(UPDATE-1) Ms. Benker got the 600 incorrect address from the flier that apparently had the wrong address on it.  Regardless of that, Longmont Leadership Committee’s address is on file with the City Clerks Office and website.

(UPDATE-2) I was notified that the original email from Kaye Fissinger (pictured at right) was forwarded to the City Clerk, but wasn’t included in the complaint.  It helps make sense of the 3rd email when Ms. Fissinger says “it’s also the address of Longmont Leadership” where I got the impression she was talking about some other entity.  That entity that they were snooping on, in addition to Longmont Leadership and where I work, was No Blank Check Longmont who is advocating against Ballot Question 2C.  Here is the email: “Who are these people opposing 2C on No Blank Checks  Longmont?  I don’t recognize the names.  Are they even from Longmont? Kaye ”  And then she names every supporter on that website, this was sent to “Undisclosed Recipeints”, Karen Benker being one of them.

Thanks to our City Clerk for the above updated information and corrections.

(UPDATE-3) From Times-Call comment section “Why didn’t I see this before: The “M” in Karen M. Benker must be “MILHOUS“! Let it be known from this point on. If an elected official is going to direct people to go spying on their political opponents, this is how they will be properly tagged. This shoe fits.”

Dueling in the Times-Call Open Forum

For my non-Longmont readers, or those Longmont residents that don’t get the Times-Call (and if not, why not?), there was an interesting exchange today between myself and sitting Longmont City Council member Karen Benker.  There is so much behind the scenes buried within our statements that it would help if I do a little running commentary through this exchange.  Enjoy.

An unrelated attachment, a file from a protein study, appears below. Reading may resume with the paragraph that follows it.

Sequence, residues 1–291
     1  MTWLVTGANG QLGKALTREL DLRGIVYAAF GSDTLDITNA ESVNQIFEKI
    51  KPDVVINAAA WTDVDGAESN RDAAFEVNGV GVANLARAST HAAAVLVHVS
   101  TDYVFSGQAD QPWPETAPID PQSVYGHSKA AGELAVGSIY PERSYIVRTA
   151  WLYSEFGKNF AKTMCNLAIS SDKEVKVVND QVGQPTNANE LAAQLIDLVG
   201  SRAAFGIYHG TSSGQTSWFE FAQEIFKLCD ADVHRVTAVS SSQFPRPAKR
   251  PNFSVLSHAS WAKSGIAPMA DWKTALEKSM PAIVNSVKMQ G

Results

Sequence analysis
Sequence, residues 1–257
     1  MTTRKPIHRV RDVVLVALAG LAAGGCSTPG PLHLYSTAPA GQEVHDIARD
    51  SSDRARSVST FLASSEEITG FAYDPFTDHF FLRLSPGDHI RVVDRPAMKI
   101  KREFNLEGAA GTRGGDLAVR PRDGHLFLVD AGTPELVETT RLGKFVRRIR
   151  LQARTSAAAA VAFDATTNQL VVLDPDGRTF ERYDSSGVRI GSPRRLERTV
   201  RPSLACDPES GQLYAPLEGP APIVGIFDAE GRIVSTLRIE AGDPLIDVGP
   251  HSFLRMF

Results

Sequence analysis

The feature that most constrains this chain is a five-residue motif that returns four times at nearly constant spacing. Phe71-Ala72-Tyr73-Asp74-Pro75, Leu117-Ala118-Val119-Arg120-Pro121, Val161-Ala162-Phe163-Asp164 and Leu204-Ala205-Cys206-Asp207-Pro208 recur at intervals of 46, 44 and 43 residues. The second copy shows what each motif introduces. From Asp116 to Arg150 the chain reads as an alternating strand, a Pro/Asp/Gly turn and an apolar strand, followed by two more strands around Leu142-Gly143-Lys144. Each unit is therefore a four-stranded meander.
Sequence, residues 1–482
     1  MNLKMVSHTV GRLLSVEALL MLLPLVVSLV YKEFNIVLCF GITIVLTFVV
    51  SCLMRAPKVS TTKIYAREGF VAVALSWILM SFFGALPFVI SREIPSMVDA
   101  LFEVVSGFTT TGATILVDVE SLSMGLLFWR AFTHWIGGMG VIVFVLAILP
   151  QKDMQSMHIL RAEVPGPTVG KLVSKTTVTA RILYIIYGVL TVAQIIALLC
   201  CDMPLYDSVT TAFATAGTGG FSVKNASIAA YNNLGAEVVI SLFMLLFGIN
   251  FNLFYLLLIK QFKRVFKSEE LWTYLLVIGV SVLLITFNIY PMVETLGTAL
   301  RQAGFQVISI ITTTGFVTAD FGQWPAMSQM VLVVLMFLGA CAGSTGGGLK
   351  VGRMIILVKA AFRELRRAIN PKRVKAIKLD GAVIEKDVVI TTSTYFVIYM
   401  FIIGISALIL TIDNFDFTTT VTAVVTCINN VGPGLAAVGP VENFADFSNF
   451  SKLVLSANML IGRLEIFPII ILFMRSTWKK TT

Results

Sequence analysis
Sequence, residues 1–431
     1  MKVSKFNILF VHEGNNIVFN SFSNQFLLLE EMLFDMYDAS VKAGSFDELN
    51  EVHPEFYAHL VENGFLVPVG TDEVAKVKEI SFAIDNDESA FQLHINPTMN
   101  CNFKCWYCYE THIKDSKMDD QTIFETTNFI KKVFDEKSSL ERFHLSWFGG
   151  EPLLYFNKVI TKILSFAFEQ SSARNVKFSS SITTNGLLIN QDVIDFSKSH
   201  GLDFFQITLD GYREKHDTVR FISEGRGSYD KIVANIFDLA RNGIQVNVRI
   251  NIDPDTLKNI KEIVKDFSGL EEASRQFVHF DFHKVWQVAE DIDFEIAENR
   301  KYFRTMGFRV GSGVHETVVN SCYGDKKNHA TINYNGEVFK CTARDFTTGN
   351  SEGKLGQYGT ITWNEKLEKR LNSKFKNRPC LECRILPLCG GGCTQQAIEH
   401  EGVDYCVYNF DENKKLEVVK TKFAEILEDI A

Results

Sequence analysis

E-mail should have been in public folder
While perusing some emails on the city’s server (and a special thanks goes to the City Clerks Office), I noticed an interesting exchange between Councilmember Karen Benker and Greg Burt.  Ms. Benker said in one of the emails that she has “emails from folks that substantiate” that Mr. Burt is being paid to “investigate” her.  You may also recall in an Aug. 5 Times-Call op-ed, Ms. Benker quoted an email from Mr. Burt. 

One problem: those emails don’t exist on the city servers.

So either Ms. Benker is lying in that statement, or she has once again ignored the rules about forwarding all correspondence to the city servers (that would be the Colorado Open Records Act).  There has been enough warning to the council members to send these emails.  There is no excuse for Ms. Benker to flout this rule.

In the email she also slings mud at her opponent Katie Witt saying it was too bad she was “going negative in this upcoming campaign”.  But later in the same email, she asks Mr. Burt “So what individual or group has hired you?  What are the terms of your contract?  and How much are you getting paid to investigate me?”  In other words she’s guessing, or else why would she ask?  (the “and How” was her lousy grammar, not mine, just copying and pasting there)

But in her blind sleuth work, she doesn’t mind throwing out a baseless accusation at Katie Witt.

Also in Ms. Benkers op-ed she said “please by wary of what you read in this newspaper” (this newspaper being the Times-Call) and “Don’t always believe what you read.”  Ironic advice from someone with an honesty problem, or is hiding emails.  It’s one or the other, or maybe both.